Washington mudslide death toll rises from 18 to 21; essential search dogs take break
DARRINGTON, Wash. — Many of the dogs essential in the search for victims of the deadly mudslide that buried a mountainside community will take a two-day break, rescue crews said Sunday, as the official death toll rose and more bodies were recovered.
The dogs can lose their sensing ability if overworked in the cold and rain.
“The conditions on the slide field are difficult, so this is just a time to take care of the dogs,” said Kris Rietmann, a spokeswoman for the team working on the eastern portion of the slide, which hit March 22 about 55 miles northeast of Seattle and is one of the deadliest in U.S. history.
Dogs from the Federal Emergency Management Agency that arrived more recently will continue working.
On Sunday evening, the number of people who have been confirmed dead increased from 18 to 21, said Jason Biermann, program manager at the Snohomish County Department of Emergency Management.
UN report dials up global warming risks; scientist says ‘We’re all sitting ducks’
YOKOHAMA, Japan — Global warming is driving humanity toward a whole new level of many risks, a United Nations scientific panel reports, warning that the wild climate ride has only just begun.
“Nobody on this planet is going to be untouched by the impacts of climate change,” Intergovernmental Panel on Climate Change chairman Rajendra Pachauri said in a Monday news conference.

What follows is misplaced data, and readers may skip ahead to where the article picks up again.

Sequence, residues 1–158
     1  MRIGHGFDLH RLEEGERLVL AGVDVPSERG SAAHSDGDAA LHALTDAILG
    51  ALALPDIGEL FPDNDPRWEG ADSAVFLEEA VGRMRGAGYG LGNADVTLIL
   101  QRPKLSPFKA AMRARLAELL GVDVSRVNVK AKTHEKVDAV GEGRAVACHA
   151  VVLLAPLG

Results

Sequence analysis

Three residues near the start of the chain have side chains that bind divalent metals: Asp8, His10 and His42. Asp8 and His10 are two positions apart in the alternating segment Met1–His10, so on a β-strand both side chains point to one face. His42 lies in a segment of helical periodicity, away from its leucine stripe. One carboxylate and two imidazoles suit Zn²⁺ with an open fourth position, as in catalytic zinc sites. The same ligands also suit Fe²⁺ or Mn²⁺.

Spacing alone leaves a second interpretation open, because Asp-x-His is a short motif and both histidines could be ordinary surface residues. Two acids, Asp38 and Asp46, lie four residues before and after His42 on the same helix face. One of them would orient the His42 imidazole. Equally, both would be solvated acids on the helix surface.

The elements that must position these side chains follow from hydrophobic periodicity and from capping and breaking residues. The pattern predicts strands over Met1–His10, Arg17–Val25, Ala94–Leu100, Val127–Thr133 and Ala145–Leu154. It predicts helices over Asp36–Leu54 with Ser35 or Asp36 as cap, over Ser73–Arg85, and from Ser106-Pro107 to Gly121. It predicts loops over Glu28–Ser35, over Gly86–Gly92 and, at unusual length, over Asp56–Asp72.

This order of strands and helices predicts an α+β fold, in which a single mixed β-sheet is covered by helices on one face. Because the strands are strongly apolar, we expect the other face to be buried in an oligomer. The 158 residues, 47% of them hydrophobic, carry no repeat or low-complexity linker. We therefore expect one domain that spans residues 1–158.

Twenty-first century disasters such as killer heat waves in Europe, wildfires in the United States, droughts in Australia and deadly flooding in Mozambique, Thailand and Pakistan highlight how vulnerable humanity is to extreme weather, says a massive new report from a Nobel Prize-winning group of scientists released early Monday. The dangers are going to worsen as the climate changes even more, the report’s authors said.
“We’re all sitting ducks,” Princeton University professor Michael Oppenheimer, one of the main authors of the 32-volume report, said in an interview.
After several days of late-night wrangling, more than 100 governments unanimously approved the scientist-written 49-page summary — which is aimed at world political leaders. The summary mentions the word “risk” an average of about 5 1/2 times per page.
Congress: GM twice failed to fix defect that led to recall of 2.6 million small cars
DETROIT — General Motors discussed two separate fixes for an ignition switch defect in 2005 but canceled both of them without taking action, according to a memo released Sunday by the House subcommittee investigating GM’s handling of the defect and a subsequent recall.
GM last month recalled 2.6 million small cars because their ignition switches can move from the “run” to the “accessory” or “off” position, which causes the car to stall and disables the air bags and power steering. GM says the recall is linked to 13 deaths. The recall includes the Chevrolet Cobalt, Chevrolet HHR, Pontiac G5, Pontiac Solstice, Saturn Ion and Saturn Sky from the 2003-2011 model years.
Congress is investigating why GM didn’t recall the cars sooner, because it first found problems with the ignition switches in 2001. It’s also questioning federal regulators from the National Highway Traffic Safety Administration, who didn’t investigate the cars despite evidence of a problem.
GM CEO Mary Barra and NHTSA Administrator David Friedman are scheduled to appear Tuesday before a House Energy and Commerce subcommittee. A separate Senate hearing is scheduled for Wednesday.
The House memo provides new details about GM’s consideration — but ultimate rejection — of potential solutions.
By wire sources